Earlier today, CBS Films gave an early look at the August 9 movie Scary Stories to Tell in the Dark, based on the horror story collection collected by Alvin Schwartz and illustrated by Stephen Gammell. The film is directed by André Øvredal (Trollhunter) and produced by Oscar winner Guillermo del Toro, neither of them a stranger to the world of horror. The film is written by del Toro with Dan and Kevin Hageman (Hotel TransylvaniaThe LEGO Movie).
Both Øvredal and del Toro were on hand at the Roxy Theater for a presentation of footage, the first trailer and a brief QnA where no one was allowed to record, so sorry, no direct quotes.
They were introduced by Nick Meyer from Entertainment One, who had been wanting to work with del Toro since reading an early script for Pan’s Labyrinth, and Terry Press from CBS Films. Then brought the idea of adapting Scary Stories into a movie to del Toro to see if he would be interested, and he hired Øvredal, being a fan of his work on Trollhunter and The Autopsy of Jane Doe.
Del Toro was his usual jovial wise-cracking self throughout as he talked about first experiencing the Schwartz books and so admiring Gammell’s cover and interior artwork that he shelled out for nine original pieces in the early ’00s.
There have been three books in the series, published in 1981, 1984 and 1991, with six of the stories being featured in the movie. Del Toro made it clear that he wasn’t interested in making an anthology movie, as much as he loves them, because those movies are usually “as bad as the worst story” rather than opposite. Del Toro appreciated the simplicity of the stories in Schwartz’s books, as they felt like stories that could be passed down from generation to generation or told around a campfire.

Scary Stories
Guillermo del Toro, Zoe Colletti and André Øvredal – courtesy CBS Films

To avoid being an “anthology movie,” Scary Stories to Tell in the Dark is a story based around a group of kids, specifically Zoe Margaret Colletti‘s Stella and her friends who find a book in a haunted house that writes stories based on your greatest fears. You can actually learn more about in the first trailer, describe below.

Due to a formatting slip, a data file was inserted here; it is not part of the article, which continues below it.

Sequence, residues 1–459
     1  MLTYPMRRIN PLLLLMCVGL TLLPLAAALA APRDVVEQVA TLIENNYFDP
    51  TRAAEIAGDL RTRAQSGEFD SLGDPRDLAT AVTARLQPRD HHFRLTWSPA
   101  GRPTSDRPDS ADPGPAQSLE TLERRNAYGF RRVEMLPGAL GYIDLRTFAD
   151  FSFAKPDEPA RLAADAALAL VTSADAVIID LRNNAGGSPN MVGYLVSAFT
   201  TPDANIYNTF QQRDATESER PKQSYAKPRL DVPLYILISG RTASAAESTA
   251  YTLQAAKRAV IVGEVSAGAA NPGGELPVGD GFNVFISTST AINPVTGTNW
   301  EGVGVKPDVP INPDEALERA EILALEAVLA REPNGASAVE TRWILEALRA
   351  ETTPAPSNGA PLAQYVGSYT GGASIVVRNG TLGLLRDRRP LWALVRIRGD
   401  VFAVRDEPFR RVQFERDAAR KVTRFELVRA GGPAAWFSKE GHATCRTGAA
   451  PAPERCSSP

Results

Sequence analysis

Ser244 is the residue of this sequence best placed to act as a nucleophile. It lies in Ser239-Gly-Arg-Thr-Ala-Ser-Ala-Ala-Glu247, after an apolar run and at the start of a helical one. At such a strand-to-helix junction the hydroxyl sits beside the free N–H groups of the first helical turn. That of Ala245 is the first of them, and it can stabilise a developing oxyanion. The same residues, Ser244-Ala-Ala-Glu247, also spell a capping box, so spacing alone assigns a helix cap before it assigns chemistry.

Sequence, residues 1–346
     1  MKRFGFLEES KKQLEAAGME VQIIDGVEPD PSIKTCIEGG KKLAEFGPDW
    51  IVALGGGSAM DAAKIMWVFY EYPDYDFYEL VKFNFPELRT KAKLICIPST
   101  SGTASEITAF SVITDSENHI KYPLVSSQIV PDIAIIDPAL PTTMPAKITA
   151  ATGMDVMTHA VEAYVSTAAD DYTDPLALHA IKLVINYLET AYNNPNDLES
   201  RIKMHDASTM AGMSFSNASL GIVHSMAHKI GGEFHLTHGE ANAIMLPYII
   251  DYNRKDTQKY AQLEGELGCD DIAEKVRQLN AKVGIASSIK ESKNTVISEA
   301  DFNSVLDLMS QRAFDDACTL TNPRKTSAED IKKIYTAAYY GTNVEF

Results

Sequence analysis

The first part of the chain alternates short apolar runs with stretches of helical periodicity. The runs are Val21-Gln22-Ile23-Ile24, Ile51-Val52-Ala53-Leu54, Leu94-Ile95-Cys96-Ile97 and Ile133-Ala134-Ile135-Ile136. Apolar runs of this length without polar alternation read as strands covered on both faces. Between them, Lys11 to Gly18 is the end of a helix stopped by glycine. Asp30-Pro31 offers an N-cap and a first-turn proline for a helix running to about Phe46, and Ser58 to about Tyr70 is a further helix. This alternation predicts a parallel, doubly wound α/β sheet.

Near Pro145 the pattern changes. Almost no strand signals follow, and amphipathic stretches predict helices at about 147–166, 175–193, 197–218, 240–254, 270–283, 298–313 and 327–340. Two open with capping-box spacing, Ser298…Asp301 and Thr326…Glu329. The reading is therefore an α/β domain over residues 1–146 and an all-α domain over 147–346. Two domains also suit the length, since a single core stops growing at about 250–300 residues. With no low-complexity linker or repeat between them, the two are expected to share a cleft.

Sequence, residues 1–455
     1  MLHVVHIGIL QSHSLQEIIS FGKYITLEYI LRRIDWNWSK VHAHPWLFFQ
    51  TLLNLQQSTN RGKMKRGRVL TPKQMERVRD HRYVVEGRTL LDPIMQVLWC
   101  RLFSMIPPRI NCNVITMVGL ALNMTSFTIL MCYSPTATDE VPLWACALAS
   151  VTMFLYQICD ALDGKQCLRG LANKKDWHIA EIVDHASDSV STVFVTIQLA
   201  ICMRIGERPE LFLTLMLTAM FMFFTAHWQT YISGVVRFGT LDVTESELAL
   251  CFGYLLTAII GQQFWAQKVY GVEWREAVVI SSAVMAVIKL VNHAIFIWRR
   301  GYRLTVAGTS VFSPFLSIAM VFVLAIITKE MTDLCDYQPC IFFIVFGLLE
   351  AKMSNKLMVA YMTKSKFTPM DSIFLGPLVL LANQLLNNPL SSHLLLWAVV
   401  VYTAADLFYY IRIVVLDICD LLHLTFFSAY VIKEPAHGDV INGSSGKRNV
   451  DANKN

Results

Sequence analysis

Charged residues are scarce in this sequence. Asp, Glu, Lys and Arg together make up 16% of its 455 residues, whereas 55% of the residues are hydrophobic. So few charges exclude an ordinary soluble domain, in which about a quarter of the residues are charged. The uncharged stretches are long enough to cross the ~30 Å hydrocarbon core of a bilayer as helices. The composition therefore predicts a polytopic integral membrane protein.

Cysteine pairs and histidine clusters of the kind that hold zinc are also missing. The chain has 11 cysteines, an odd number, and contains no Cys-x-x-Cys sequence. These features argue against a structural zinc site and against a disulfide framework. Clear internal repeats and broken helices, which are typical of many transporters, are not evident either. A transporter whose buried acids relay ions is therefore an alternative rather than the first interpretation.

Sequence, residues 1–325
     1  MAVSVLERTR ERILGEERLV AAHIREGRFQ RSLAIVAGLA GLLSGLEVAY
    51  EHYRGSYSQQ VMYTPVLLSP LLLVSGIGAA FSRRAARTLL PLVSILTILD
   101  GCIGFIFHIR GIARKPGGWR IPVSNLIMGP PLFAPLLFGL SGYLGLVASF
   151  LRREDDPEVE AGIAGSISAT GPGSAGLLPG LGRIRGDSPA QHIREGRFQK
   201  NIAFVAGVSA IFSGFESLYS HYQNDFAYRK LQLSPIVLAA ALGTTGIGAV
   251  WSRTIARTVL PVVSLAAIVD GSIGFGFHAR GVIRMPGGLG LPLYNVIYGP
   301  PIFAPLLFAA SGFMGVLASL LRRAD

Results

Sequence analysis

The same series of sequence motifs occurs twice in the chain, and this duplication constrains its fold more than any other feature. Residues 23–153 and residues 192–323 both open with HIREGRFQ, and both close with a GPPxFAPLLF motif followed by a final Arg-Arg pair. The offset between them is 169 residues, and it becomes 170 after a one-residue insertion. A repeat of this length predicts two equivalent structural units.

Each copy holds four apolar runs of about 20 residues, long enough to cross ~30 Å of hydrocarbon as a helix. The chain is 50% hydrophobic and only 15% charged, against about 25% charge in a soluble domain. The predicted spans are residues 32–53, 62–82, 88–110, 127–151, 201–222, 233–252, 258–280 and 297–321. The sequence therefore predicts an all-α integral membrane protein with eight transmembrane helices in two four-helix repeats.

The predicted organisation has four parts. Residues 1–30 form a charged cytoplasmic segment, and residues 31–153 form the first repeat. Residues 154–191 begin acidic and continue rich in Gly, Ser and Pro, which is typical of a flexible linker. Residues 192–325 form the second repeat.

After Øvredal said a few words, they showed the first clip which is of a teenager named Auggie, played by Gabriel Rush, who is in the kitchen on the phone. He looks in the fridge and says that he’s found a pot of stew, and he takes it out to eat. (We learned later that Auggie is a bit of a nut in terms of what he eats to avoid chemical additives, which just makes the scene funnier.) Anyway, Auggie opens the pot and gets a spoon and then a voice comes over a walkie talkie. It’s Stella warning Auggie not to eat anything.
Before I go on, I should mention that the clip was introduced as being inspired by the story “The Big Toe,” about a corpse looking for its toe, so as Auggie starts eating, you can only imagine what’s going to happen.
Of course, Auggie starts eating but as he’s talking to Stella something that’s obviously a toe floats up to the top of the stew, and she’s reading him the story about a corpse looking for it’s toe. “Where is my big toe?” she reads just as we hear a whisper from down the hall saying the same thing. Then Auggie sticks a spoonful of stew with the toe in his mouth, and he suddenly realizes what it is, spits it out and starts gagging as he knocks the bowl to the kitchen floor.